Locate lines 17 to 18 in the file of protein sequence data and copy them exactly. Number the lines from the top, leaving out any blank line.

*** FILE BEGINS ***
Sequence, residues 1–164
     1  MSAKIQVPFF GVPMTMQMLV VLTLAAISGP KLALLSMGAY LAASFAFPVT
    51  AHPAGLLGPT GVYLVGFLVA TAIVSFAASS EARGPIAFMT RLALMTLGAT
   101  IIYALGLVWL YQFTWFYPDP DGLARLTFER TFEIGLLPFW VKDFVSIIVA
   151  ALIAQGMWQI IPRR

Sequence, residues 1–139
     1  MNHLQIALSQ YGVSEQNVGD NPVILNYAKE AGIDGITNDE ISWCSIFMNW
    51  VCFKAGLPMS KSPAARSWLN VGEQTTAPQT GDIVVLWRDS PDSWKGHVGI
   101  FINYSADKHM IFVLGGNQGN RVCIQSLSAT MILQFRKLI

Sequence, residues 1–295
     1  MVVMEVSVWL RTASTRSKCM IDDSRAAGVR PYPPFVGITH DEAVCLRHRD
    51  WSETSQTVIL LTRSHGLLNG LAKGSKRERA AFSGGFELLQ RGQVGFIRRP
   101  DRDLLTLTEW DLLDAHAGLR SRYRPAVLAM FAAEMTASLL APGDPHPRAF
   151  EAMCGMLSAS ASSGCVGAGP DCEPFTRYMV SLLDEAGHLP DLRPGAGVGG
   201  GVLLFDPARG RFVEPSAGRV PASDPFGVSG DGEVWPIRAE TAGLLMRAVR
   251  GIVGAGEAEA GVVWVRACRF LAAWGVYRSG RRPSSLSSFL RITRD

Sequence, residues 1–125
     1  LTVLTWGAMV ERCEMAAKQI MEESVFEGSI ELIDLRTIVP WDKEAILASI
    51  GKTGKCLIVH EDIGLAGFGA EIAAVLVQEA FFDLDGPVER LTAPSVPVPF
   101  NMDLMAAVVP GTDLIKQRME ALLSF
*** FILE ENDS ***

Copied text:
Sequence, residues 1–125
     1  LTVLTWGAMV ERCEMAAKQI MEESVFEGSI ELIDLRTIVP WDKEAILASI